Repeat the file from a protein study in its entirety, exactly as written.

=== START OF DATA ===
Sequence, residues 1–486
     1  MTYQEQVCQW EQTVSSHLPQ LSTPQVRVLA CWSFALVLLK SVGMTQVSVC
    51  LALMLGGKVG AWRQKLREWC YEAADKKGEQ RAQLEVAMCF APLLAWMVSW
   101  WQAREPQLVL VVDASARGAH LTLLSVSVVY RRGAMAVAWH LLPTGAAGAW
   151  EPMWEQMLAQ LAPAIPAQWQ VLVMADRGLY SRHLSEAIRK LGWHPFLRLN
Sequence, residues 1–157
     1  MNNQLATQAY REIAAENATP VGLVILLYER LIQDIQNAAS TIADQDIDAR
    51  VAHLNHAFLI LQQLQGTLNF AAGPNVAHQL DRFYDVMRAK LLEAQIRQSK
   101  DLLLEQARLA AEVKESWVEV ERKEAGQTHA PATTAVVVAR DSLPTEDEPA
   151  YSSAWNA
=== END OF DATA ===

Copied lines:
Sequence, residues 1–486
     1  MTYQEQVCQW EQTVSSHLPQ LSTPQVRVLA CWSFALVLLK SVGMTQVSVC
    51  LALMLGGKVG AWRQKLREWC YEAADKKGEQ RAQLEVAMCF APLLAWMVSW
   101  WQAREPQLVL VVDASARGAH LTLLSVSVVY RRGAMAVAWH LLPTGAAGAW
   151  EPMWEQMLAQ LAPAIPAQWQ VLVMADRGLY SRHLSEAIRK LGWHPFLRLN
Sequence, residues 1–157
     1  MNNQLATQAY REIAAENATP VGLVILLYER LIQDIQNAAS TIADQDIDAR
    51  VAHLNHAFLI LQQLQGTLNF AAGPNVAHQL DRFYDVMRAK LLEAQIRQSK
   101  DLLLEQARLA AEVKESWVEV ERKEAGQTHA PATTAVVVAR DSLPTEDEPA
   151  YSSAWNA